A Ghetto named Baluty

“A Ghetto named Baluty” is remarkable documentary about the poorest district in Lodz, my hometown. Why? It’s not only the travel back in time, but also a great reference to current situation of the inhabitants of the district: Baluty was always the shelter for marginalized people: the criminals, the poor, the outlaws. During the II WW it became a ghetto for the Jewish population. Now it’s the asylum for those who are forced to live on the edge of the System. The synopsis of the film explains it best:

“These same homes and houses, these same streets where many years ago Jews spent every moment fighting for survival, are today inhabited by new residents. Before World War II, Baluty was a feared crime-ridden neighbourhood. Immediately after occupying Poland, the Nazis established a Jewish ghetto here, which housed 200,000 Jews waiting for their death. After the autumn of 1941, they were joined by Jews from five Czech transports. Life in the poor, working-class district of the industrial town of Lodz is marked by poverty, alcohol and unemployment. Baluty then and Baluty now have much in common. Images from the past and present of this stigmatised place are brought together by interviews with the area’s original and current inhabitants and reporter Henryk Ross’s unique photographs from the distant past.

On his way to Lodz, director Pavel Štingl ran into photographer Karel Cudlín, whose photographs created during filming make up this accompanying exhibit. By screening the film together with the exhibition, we have created a unique project in which Cudlín’s contemporary photographs hold up a mirror to Ross’s wartime images used in the film.”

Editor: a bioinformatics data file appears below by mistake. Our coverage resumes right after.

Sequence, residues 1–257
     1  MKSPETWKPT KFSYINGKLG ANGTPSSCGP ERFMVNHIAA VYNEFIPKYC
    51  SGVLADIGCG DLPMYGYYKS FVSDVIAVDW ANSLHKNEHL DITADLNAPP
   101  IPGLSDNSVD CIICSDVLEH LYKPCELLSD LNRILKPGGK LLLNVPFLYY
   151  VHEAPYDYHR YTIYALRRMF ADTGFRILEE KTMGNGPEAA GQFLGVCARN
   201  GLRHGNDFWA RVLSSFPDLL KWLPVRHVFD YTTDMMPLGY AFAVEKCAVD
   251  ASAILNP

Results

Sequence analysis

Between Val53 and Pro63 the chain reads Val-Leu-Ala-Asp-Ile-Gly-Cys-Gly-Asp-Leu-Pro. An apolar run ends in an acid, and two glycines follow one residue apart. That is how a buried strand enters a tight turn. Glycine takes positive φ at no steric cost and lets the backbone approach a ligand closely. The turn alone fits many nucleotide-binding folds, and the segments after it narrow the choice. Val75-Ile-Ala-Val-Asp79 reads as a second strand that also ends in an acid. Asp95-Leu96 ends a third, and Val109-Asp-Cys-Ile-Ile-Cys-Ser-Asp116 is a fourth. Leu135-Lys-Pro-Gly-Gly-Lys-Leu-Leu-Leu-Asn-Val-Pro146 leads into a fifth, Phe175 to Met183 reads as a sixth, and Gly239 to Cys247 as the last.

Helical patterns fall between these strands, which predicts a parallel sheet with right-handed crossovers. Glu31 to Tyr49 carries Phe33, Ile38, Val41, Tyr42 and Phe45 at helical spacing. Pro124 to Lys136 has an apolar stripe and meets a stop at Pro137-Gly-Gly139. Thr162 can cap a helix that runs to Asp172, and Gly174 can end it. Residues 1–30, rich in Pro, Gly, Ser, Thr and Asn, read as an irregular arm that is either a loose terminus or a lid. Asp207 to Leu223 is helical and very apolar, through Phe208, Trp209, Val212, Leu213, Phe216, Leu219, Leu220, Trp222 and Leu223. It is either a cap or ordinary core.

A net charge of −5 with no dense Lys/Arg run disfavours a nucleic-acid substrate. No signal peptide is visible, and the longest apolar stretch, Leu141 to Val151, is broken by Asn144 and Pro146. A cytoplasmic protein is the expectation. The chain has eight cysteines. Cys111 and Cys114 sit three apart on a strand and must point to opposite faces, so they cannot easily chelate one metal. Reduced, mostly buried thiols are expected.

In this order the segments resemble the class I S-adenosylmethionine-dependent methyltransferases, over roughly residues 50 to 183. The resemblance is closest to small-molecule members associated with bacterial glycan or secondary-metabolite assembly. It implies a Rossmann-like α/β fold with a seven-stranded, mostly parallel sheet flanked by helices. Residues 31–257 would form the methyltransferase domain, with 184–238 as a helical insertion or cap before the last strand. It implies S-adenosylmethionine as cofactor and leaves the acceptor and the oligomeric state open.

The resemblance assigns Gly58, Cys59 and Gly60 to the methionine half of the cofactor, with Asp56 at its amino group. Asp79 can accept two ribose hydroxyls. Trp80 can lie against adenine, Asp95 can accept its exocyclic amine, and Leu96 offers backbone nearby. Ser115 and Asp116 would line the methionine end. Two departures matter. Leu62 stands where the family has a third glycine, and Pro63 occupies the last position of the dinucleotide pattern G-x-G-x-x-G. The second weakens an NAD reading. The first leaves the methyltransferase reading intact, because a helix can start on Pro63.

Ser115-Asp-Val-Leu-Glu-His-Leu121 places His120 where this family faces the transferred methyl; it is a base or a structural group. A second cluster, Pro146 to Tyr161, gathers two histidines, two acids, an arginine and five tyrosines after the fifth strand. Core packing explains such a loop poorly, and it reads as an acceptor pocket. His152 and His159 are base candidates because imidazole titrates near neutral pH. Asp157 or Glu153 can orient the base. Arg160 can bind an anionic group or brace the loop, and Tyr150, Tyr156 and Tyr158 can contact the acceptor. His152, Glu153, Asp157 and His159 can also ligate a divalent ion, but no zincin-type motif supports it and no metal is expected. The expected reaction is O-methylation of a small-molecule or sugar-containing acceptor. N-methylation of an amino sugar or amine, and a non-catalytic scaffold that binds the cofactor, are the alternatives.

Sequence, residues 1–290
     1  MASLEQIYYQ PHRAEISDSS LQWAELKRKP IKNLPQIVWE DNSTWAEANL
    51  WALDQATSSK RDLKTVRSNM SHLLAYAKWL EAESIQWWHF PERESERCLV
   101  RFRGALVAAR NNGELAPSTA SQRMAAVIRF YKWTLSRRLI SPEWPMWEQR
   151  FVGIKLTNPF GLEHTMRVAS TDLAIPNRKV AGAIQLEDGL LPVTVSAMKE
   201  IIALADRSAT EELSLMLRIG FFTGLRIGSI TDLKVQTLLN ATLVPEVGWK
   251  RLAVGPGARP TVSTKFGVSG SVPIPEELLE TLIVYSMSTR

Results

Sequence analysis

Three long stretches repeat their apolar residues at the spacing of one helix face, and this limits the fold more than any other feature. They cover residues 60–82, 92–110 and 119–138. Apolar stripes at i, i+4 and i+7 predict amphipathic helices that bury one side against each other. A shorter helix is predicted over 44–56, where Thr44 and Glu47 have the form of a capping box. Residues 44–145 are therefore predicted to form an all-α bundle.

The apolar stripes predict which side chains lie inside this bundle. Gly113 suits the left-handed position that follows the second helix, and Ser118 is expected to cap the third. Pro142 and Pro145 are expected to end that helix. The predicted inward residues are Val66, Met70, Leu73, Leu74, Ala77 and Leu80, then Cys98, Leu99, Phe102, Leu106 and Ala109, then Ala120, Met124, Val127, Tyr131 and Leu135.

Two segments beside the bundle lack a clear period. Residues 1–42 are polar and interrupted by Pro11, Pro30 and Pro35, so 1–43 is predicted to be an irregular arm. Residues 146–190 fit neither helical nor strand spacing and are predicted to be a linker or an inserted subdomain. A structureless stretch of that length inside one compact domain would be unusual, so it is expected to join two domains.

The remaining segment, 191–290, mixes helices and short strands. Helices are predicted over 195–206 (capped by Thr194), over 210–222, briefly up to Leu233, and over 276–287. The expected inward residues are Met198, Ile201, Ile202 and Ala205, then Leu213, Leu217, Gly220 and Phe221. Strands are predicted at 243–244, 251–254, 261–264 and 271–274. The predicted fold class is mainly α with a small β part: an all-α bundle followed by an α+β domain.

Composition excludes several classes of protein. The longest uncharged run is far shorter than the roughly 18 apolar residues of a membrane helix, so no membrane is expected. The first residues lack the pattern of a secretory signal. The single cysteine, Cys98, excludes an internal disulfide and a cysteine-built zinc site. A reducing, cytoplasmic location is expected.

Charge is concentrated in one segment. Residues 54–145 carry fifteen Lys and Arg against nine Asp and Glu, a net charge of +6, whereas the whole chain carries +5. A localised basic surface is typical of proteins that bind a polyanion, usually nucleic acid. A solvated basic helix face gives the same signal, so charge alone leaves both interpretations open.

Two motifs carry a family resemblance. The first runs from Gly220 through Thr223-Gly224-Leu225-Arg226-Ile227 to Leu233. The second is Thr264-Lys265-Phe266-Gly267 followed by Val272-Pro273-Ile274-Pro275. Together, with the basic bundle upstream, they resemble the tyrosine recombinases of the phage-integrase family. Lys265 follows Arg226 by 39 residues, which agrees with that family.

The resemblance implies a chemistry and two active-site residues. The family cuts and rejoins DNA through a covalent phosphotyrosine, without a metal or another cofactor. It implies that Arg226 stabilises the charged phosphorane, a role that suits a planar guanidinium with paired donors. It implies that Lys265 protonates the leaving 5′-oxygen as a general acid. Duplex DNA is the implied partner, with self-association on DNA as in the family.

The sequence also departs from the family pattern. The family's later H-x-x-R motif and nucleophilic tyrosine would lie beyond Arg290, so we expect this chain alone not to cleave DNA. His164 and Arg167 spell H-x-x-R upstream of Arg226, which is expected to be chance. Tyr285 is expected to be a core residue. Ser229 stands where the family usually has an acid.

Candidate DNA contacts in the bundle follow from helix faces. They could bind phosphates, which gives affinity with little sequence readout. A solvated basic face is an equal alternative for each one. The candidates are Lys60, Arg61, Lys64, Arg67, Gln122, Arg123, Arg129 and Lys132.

Film refers also to the photos of Henryk Ross (1910-91), a Jewish press photographer in Poland before World War II. Incarcerated by the invading Germans in the Lodz ghetto, he became one of its two official photographers. His duties afforded him access to photographic facilities which he used to secretly photograph the atrocities of Lodz, while also recording scenes of domestic life among the ghetto “elite.” As the Germans began the liquidation of Lodz in 1944, Ross buried his 3,000 negatives. Surviving the Holocaust, he recovered them and, from his postwar home in Israel, circulated images showing the horrors of Lodz. But until now, the bulk of his photographs have remained unseen, including many of the ghetto police. “For an audience accustomed to dramatic photographs of Holocaust suffering, the quiet, domestic scenes he recorded are poignant and sometimes shocking, challenging us to rethink what we understand about ghetto society.” (Thomas Weber, “Lodz Ghetto Album”, London, 2004).

Photo: “Playing as Ghetto Policeman”, 1943, Henryk Ross

Here are other photos taken by Henryk Ross: http://www.amber-online.com/exhibitions/lodz-ghetto-album-by-henryk-ross


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